Wetlands offer refuge from the storm

by Craig Thompson, WDNR’s Natural Heritage Conservation Program

Record snowfall stole the headlines in the spring of 2018 (and again this year), but an equally important story unfolded as Wisconsin’s landscape turned white.

As the 2018 calendar turned to March, resident birds—rose red cardinals and jaunty chickadees—were in full-throated song. Blackbirds, robins, and sparrows, among the first migratory birds to return from southern winter haunts, filed in by the day. Every morning, reports of new species were posted by delighted birders, with expectations for new arrivals growing by the week. March migration was off to a good start.

April 2018 had other ideas. Within the span of two weeks, three snowstorms (a meteorological triple header) blanketed southwest Wisconsin with record snowfall. For newly-arrived birds, an always strenuous journey became deadly as temperatures cratered. Migration ground to a halt.

Under the best of circumstances, bird migration is risky business. Inclement weather and navigation hazards conspire to make any seasonal migration fraught with uncertainty. Add the physiological stress of flying hundreds—if not thousands—of miles, and a bird’s survival is balanced on a knife’s edge. A prolonged cold snap can be the last straw.

As snow accumulated, reports of widespread bird mortality mounted. Insect eaters were especially hard hit. Wildlife rehabilitation facilities overflowed with starving birds. But amidst distressing news, amazing examples of survival came to light: five eastern phoebes gathered at a spring pond; a flock of tree swallows skimmed open water in a marsh; woodcock, robins, and yellow-rumped warblers hunkered down in seepy willow thickets. Wisconsin’s precious wetlands, it turned out, had thrown an early spring lifeline to storm-stranded birds. Many survived on insects emerging from the wetlands’ warming waters.

Tree swallows, one of springs earliest arrivals, found rare refuge from 2018s harsh spring weather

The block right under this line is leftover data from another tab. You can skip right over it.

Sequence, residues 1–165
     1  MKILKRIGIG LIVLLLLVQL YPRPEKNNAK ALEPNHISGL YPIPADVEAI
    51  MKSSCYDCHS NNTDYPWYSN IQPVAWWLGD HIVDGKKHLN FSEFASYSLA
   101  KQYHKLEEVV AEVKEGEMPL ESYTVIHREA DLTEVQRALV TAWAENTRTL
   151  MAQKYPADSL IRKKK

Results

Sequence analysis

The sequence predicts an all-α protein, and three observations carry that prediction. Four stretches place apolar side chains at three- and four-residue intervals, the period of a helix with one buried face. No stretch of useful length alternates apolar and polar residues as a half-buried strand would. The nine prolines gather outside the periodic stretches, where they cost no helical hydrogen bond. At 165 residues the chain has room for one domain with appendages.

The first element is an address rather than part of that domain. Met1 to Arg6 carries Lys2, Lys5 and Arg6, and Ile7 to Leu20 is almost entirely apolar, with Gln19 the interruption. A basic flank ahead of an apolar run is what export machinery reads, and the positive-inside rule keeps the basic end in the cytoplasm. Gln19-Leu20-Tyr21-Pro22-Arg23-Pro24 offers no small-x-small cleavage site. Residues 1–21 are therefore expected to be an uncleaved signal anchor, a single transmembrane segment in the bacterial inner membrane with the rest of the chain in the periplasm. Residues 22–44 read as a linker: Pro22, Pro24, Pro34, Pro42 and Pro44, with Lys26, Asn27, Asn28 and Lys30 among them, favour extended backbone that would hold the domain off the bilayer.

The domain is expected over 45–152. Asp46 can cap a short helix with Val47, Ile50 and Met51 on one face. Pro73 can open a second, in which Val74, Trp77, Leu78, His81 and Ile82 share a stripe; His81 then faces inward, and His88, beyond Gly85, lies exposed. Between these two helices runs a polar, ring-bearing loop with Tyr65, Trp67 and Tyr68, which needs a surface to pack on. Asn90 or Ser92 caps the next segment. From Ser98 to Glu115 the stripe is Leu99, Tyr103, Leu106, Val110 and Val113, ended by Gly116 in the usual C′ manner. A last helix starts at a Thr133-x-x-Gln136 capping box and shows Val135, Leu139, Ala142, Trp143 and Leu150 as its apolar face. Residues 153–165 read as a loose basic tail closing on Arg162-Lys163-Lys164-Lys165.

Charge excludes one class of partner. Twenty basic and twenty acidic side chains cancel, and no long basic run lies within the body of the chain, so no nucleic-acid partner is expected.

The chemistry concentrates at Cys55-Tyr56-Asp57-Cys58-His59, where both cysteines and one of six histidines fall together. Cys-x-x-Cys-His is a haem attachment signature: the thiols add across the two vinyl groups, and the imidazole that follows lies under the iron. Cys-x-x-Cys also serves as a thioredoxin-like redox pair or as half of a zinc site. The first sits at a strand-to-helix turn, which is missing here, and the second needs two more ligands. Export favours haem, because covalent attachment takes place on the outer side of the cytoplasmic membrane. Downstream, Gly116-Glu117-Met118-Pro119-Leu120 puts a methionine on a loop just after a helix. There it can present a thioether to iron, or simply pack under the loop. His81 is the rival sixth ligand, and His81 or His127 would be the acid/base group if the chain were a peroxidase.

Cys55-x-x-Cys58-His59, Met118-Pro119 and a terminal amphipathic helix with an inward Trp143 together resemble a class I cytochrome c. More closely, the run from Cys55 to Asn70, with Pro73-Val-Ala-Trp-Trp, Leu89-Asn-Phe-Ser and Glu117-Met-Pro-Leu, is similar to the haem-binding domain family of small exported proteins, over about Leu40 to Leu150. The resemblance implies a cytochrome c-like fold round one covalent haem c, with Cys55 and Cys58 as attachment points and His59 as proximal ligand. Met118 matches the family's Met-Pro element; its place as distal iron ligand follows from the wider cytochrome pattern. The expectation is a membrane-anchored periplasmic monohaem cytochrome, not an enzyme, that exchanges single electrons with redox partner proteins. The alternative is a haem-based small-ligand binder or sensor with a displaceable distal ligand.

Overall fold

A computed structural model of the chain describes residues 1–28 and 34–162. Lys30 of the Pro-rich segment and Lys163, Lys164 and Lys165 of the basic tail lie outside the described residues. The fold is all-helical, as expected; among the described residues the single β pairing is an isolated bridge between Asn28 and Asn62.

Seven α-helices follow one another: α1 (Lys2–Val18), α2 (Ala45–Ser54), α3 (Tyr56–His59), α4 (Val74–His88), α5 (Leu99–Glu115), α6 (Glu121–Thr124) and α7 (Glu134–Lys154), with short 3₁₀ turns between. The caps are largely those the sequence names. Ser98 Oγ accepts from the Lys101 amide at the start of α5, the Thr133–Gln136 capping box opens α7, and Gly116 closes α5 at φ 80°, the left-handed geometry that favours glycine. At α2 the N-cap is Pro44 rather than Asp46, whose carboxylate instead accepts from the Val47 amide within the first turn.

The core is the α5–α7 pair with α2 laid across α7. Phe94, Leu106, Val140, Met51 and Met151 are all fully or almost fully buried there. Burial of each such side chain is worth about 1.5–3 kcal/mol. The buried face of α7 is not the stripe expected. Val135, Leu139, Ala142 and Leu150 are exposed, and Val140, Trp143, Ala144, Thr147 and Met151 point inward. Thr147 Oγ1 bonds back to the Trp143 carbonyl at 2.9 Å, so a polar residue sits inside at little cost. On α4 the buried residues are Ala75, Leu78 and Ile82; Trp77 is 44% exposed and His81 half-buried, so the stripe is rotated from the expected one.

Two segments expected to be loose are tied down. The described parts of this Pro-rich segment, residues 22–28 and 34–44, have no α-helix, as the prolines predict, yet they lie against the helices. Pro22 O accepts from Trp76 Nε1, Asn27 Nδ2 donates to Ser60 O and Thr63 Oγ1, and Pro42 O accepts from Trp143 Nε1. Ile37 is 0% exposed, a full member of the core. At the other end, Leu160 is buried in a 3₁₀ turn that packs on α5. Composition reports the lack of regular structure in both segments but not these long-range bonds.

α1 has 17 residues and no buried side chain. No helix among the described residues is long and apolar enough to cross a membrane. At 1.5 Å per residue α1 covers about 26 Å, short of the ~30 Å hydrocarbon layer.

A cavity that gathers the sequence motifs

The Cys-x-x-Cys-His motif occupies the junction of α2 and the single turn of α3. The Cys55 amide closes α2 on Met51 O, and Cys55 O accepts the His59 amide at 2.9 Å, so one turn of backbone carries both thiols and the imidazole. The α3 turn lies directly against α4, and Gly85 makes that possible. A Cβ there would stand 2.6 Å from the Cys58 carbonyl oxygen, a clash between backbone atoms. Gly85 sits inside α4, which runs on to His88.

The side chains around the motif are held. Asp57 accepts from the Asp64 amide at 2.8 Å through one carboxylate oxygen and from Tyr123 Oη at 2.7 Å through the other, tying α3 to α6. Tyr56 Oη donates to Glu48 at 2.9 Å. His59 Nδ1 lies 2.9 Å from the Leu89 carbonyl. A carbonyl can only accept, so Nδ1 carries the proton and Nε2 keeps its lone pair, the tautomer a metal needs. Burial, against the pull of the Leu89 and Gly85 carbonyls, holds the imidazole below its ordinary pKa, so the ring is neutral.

Every fall, billions of birds transit the Western Hemisphere, exiting temperate climes with the onset of autumn before traveling to warmer latitudes for winter. Like clockwork, every spring they return. An energy-intensive endeavor, migration requires a constant input of fuel, most often in the form of insects, fruit, or nectar, to enable the accumulation of body fat—the currency of migration—needed to power a bird’s hemispheric sojourns.

Emerging research on stopover ecology—the study of where birds stop during migration to rest and refuel—is underscoring the importance of quality stopover sites for migration. The relationship is straightforward. High quality natural communities produce more food and enable longer migrations, reducing hazards associated with multiple stops.

Bobolinks breed in the summer across southern Canada and the northern US (including Wisconsin) before traveling some 6,000 miles to Argentina, Bolivia, Brazil, and Paraguay for winter.

Studies of spring migrating gray-cheeked thrushes (a denizen of Canada’s boreal forest, passage migrant in Wisconsin, and winter resident in the Amazon Basin) show individual birds are able to fly directly from Colombia to the United States—1,800 miles without stopping—after fueling up in Colombia’s old growth rainforest. No small feat for a bird half the size of your neighborhood robin. Likewise, the wet grasslands of the Venezuelan Llanos serve as an important migratory stopover site for bobolinks winging their way between continents.

Far to the north, Wisconsin’s wetlands play a comparably important role in sustaining migration. While their importance to waterfowl and wading birds is well documented, their importance to migratory songbirds is only now becoming better understood. It is fair to conclude that last April, their value to all migrating birds ambushed by snow was immense.

It is no coincidence, then, that many wetlands in Wisconsin are designated as Important Bird Areas (IBA), including some of Wisconsin Wetland Association’s Wetland Gems®. These IBA sites provide habitat for birds at critical times during their life cycle—breeding, migration, or wintering.

This spring, as skunk cabbage emerges from frost-clad soils and pussy willows soften the landscape with cotton candy catkins, our wetlands resonate with the rich whistles of fox sparrows and the chaotic vocalizations of rubycrowned kinglets winging their way north. A host of migrating birds join the avian parade, all reliant on the availability of quality habitats to fuel migration. Every spring seep, every sedge meadow, and every floodplain forest contributes to the rich habitat tapestry needed to sustain migration. And through its efforts to protect our wetlands, the Wisconsin Wetlands Association and its members are helping to ensure our spring and autumn skies will, as they have for eons, continue to carry the songs of migration.

Photos by Dennis Malueg, Ken Tapp, and Brian Hansen

This article was originally featured in our 2019 spring newsletter. Would you like to receive our quarterly newsletter, with updates on WWA’s work and stories about Wisconsin’s wetlands and wildlife? Become a member today!

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